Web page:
From my experience at the Law Society, and reading reports such as this one, I could easily produce a template document citing the usual reasons for the deadline-breaking, budget-demolishing usability atrocities that get commissioned, and then I’d just slot in the client organisation’s name and charge them a few grand.
I would use the Birmingham report as a basis, as I’ve already paid for it with my council tax and it lists (or hints at) all the depressingly usual suspects:
CMSs are bought off-the-shelf, massively customised to the point that they’re unstable and no-one knows how they work any more
organisational disdain for their own employees’ accumulated vital knowledge and experience
obsessive organisational risk-aversion
managers with no understanding of how the web works being put in charge of projects
Joking aside, I’m not qualified to judge how accurate this report is, but it rings true, except for one vital area.
The report’s authors offer advice on enhancing the accessibility of the site. The advice is wrong.
I can’t find the names of the authors to judge their qualifications to pontificate on accessibility but the inaccuracy of terminology of the assertion “W3C rules state that an ‘alt tag’ should be used on all images” makes me uncertain that they really know what they’re talking about (there is no “alt tag” as there is no alt element in HTML).
Section 13.3.2 says
…a visually-challenged visitor should be able to increase the font-size and to change text and background colours to make the site legible for him or her. It is possible for an individual to change the font size using their browser settings but it is not possible on the BCC site to do this on the web pages themselves.
Section 13.3.3 says
… Browsealoud (http://www.browsealoud.com/ ) is recommended by many bodies including the RNIB. Many visually-impaired people use the system and it is enabled on many government and local government websites – including a subsidiary standalone site of the BCC (www.adultcareinbrum.org.uk – see below).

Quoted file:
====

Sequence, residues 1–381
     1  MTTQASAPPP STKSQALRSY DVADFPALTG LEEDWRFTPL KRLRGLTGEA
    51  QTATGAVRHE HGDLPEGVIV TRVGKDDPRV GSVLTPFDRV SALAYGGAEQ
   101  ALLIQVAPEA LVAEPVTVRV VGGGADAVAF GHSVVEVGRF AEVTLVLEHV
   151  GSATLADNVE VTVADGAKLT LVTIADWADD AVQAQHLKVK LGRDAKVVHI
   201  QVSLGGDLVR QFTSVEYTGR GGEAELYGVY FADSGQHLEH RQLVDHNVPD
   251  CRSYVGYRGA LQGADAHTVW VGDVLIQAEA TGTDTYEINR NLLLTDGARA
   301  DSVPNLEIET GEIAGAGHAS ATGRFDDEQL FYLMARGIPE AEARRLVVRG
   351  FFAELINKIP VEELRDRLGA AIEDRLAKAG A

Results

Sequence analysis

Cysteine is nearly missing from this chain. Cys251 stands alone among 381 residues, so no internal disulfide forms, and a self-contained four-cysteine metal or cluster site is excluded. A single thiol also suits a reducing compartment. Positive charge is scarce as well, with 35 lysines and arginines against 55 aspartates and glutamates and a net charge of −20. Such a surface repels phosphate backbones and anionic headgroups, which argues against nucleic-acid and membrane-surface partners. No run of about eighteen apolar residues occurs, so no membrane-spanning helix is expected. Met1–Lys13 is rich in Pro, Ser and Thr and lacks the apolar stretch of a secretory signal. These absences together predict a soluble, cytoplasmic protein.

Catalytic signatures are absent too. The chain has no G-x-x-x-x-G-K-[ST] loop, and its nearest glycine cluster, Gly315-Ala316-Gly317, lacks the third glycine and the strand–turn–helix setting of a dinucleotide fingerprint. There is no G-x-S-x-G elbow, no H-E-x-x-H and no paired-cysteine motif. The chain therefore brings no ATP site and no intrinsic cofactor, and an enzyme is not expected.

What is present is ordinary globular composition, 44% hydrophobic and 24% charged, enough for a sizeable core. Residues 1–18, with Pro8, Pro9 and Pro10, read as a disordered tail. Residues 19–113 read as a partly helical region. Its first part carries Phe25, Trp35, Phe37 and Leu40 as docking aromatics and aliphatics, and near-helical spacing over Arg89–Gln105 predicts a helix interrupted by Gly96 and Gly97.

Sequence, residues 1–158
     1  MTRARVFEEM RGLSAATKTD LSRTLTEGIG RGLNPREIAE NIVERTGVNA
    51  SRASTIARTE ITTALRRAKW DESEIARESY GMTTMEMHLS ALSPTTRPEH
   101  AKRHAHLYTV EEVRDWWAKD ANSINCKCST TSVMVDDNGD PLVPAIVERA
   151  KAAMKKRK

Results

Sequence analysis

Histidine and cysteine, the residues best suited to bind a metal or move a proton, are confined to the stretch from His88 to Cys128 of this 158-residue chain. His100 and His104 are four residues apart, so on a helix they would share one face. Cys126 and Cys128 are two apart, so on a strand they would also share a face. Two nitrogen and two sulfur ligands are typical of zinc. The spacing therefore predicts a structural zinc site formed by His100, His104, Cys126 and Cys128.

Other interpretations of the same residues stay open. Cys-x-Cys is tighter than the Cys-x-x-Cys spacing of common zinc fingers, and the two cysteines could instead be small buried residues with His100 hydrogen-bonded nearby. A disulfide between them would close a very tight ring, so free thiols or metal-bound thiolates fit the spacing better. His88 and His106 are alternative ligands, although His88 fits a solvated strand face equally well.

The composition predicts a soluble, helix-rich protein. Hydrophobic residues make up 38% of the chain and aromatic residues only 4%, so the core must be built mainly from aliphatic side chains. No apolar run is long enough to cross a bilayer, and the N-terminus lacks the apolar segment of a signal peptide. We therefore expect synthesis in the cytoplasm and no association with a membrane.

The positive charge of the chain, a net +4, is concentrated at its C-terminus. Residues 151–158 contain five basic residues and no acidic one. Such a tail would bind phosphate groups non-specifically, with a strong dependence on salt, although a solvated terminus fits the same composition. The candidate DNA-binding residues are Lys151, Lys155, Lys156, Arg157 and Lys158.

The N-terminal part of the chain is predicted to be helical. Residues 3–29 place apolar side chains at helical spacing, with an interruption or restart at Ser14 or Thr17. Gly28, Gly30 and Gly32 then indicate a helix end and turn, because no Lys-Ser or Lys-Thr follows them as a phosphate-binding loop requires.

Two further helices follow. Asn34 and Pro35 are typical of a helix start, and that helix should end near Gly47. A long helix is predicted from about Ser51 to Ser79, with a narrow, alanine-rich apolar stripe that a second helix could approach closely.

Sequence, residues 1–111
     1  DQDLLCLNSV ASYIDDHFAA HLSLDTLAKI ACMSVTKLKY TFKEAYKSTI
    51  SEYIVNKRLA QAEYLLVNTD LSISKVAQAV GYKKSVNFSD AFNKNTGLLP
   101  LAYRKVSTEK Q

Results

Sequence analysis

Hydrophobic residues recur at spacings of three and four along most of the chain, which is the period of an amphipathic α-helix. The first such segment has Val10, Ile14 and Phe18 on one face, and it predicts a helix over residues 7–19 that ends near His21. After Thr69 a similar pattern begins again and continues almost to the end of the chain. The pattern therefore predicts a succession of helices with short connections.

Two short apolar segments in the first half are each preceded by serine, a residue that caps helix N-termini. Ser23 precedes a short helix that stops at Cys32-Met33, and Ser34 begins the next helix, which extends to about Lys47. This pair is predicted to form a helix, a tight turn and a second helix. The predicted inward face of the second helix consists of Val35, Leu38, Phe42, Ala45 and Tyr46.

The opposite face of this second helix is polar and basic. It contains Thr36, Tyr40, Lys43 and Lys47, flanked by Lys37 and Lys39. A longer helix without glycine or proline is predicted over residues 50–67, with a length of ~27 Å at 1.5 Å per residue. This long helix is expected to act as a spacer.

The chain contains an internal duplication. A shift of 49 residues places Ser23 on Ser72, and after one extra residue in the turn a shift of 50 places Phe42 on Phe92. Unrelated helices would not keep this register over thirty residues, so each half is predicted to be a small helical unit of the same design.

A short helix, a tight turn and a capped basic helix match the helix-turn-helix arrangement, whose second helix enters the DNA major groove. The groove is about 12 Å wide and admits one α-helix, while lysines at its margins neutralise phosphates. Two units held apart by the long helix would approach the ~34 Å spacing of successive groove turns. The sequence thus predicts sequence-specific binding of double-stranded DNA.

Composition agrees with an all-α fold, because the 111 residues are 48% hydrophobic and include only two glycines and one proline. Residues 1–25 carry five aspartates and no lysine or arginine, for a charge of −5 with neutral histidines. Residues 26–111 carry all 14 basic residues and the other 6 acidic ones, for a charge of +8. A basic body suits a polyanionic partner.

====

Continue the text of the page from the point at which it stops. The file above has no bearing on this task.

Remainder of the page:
Systems like these allow a visitor to listen to the content of a site, thereby making it accessible to those with visual, literacy, and dyslexia challenges.
We recommend that Browsealoud or another similar system be implemented on the main BCC site.
Browsealoud costs money. It’s basically a plugin that reads text, but has none of the navigational functionality that fully-fledged screenreaders have. The site owner pays to have their web site added to a whitelist contained within the plugin.
Extensions such as Opera’s Voice (select text, right click, “speak”), Firevox for Firefox, built-in screenreaders on the operating system such as Micrsoft Narrator or Apple Voiceover perform this job without requiring the council to spend money, and (most importantly) at greater utility for the consumer. Browsealoud (or similar plugin) requires that the user learn a new way of interacting with this specific website; using the alternatives I list above enhance the user’s experience on every site she visits.
It appears that during development of the site, Birmingham City Council procured four third-party accessibility audits of the website, all of which mention non-resizeable text (but recommend setting it in CSS with relative units rather than coding text resize widgets). None recommends browsealoud or similar plugins.
I hope that Birmingham does not follow the two accessibility recommendations of the post-implementation report, until it can demonstrate that the authors of that report have significantly greater experience and knowledge of accessibility than the authors of the 4 accessibility audits I obtained under my Freedom of Information request.
This is a personal post and not the opinions of my employer, wife, children or hamster.